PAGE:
Marie Bourke is to be congratulated for writing a comprehensible and detailed account of museums in Ireland, as it is a complicated story. For most of the period under discussion Ireland was not an independent country, so it could not rely on a royal patron to found institutions, as was the case in many European kingdoms, nor on the civic commitment of governments, local or national, as was the case in the United States of America. We know this because in between the chapters on Ireland Bourke also tells us what was happening in the international scene at the same time, enabling the reader to draw comparisons and contrasts between here and elsewhere.Although private collections in Ireland can be traced back to the seventeenth century, it was really as part of the European Enlightenment that formal museums began to be established. Bourke is up front in crediting the Ascendancy—not the most respected class in popular memory—with starting the whole thing off. Patriots in their own way, many of the Irish aristocrats who had done the Grand Tour did not want Ireland to be left out of the developments on the Continent, where a revival of interest in classical civilisation was revolutionising art and architecture, not to mention creating a mania for collecting antiquities.Individuals like the earl of Charlemont or Revd Dr Samuel Madden acted on their own behalf in building collections and promoting the arts but more importantly did so collectively through institutions like the Royal Dublin Society and the Royal Irish Academy. These were just two of the many bodies out of which our national museums emerged. Bourke painstakingly guides the reader through the stories of the Trinity College museum, the Dublin Society of Drawing Schools and other bodies that had their own collections of antiquities, art, geological specimens and curiosities. While education was a motivating factor, there was also the desire that Ireland, a subordinate kingdom to Britain, should not be left behind as new academic and scientific institutions were promoted there. The Irish institutions, however, not only cultivated a sense of Irish identity but also assumed a character of their own and became an example for other nations to follow.Although the Act of Union undermined the Ascendancy’s concept of an Irish nation, it did not undermine the museum movement. Education remained an important motivation but, as Bourke says, the national narrative changed. The rise of Daniel O’Connell, the impact of the Great Hunger and the drive for Home Rule all influenced the development of museums, as they were seen as important in asserting Irish identity. The growing interest in antiquities, many of them recovered by accident from bogs, reinforced the idea that Ireland was home to an ancient and proud civilisation. Respect for the classics was balanced by pride in Irish achievements, as shown in the Tara brooch, the Ardagh hoard and the Book of Kells, for example.The first of the national museums to be established was the National Gallery of Ireland in 1854. The idea of such a gallery originated in the French Revolution. The opening up of the former royal palace of the Louvre was in keeping with revolutionary principles of public education and equality of access for all. Soon other countries were following the example. In Ireland, too, many of the museums after 1789 were inspired by the Louvre and it underpinned the impetus to establish a national art gallery. A key figure in all of this was the renowned engineer William Dargan, who saw the cultural assertion of a separate Irish nation as being essential. The art that eventually ended up in the National Gallery was gathered from existing museums and many private collections. By the end of the century the country had the Natural History Museum and the National Museum of Ireland also. The irony is that these symbols of Irish nationhood were built and paid for by the British state.The opening decades of the twentieth century were ones of uncertainty. After 1922 they were fully fledged national institutions of an independent state but, as with so much else, the early years of the new state were not a happy time. Bourke points out the paradox that the Free State was eager to copy the archaeological artefacts in the National Museum to provide ‘Celtic’ symbols but at the same time did not consider museums themselves to be of much importance and starved them of resources. Nevertheless, there was progress as museums made the best use of resources and developed professional standards in keeping with international trends.Happily, Bourke ends on an optimistic note. She celebrates the opening of new museums in the later twentieth century—like the Chester Beatty Library and the Irish Museum of Modern Art (IMMA)—and the resources devoted to expansion and developments such as the extension to the National Gallery and the Museum of Country Life in Mayo. And the optimism continues into the twenty-first century, where she sees improvement and growth continuing as museums utilise new technology to enhance the visitor experience and respond to the changing demographics of Irish society, with its young and multicultural population.This book marks an important milestone in our understanding of our national museums and their history. Too often they are seen merely as tourist attractions or simply taken for granted. Yet, as Bourke demonstrates, they played a key role not just in the cultural and educational development of Ireland but in the political sphere too. Interest in antiquities and archaeology and the celebration of distinct Irish achievements in art were essential in establishing the separateness of an Irish identity and restoring pride in the Irish nation. To this day they continue to play a role in education, in tourism and in how Ireland presents itself to the world.  HI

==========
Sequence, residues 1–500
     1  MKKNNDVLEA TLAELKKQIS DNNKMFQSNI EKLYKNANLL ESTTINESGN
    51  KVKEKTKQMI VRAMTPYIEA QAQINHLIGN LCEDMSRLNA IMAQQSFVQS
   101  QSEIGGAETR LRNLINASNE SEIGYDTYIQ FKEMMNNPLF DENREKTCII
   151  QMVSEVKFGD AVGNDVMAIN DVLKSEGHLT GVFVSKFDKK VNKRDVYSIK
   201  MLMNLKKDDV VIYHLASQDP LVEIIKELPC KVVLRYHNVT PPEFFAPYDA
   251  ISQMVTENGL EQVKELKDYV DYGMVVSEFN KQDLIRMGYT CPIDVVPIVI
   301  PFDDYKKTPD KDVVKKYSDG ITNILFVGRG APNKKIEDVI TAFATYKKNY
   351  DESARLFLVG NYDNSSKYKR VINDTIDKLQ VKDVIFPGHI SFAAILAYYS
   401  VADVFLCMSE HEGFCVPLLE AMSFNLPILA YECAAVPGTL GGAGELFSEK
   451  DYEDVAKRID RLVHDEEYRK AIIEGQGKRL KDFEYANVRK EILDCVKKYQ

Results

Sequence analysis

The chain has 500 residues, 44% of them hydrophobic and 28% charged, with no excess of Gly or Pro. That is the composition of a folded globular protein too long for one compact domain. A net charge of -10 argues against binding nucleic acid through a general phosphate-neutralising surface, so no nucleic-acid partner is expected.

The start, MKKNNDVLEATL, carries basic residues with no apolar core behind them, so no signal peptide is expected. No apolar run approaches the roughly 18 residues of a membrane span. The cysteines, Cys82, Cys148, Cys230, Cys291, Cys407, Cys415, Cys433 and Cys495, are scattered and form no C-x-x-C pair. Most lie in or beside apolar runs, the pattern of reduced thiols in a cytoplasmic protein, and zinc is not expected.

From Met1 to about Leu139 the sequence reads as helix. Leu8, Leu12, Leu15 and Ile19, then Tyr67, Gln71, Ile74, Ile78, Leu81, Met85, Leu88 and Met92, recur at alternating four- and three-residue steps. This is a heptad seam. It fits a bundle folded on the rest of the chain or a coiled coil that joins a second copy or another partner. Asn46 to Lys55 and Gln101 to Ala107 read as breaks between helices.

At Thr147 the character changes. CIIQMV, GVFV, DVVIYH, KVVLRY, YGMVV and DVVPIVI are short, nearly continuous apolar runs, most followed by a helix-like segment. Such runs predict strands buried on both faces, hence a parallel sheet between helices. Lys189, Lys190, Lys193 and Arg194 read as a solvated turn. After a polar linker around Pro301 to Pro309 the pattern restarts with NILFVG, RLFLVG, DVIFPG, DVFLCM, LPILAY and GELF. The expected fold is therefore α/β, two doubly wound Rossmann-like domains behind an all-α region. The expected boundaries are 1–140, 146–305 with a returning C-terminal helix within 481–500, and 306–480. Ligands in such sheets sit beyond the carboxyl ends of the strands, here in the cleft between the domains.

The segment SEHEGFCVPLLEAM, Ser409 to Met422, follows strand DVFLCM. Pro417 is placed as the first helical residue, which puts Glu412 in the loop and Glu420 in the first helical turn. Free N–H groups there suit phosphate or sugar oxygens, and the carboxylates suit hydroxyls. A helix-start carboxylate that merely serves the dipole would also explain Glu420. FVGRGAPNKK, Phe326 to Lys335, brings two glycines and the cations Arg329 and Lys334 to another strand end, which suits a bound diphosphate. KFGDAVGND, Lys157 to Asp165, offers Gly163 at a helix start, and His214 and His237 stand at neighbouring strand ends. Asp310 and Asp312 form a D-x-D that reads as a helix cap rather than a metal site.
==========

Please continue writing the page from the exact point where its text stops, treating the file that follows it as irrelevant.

Tony Canavan is the author of History Ireland’s regular ‘Museum Eye’ column.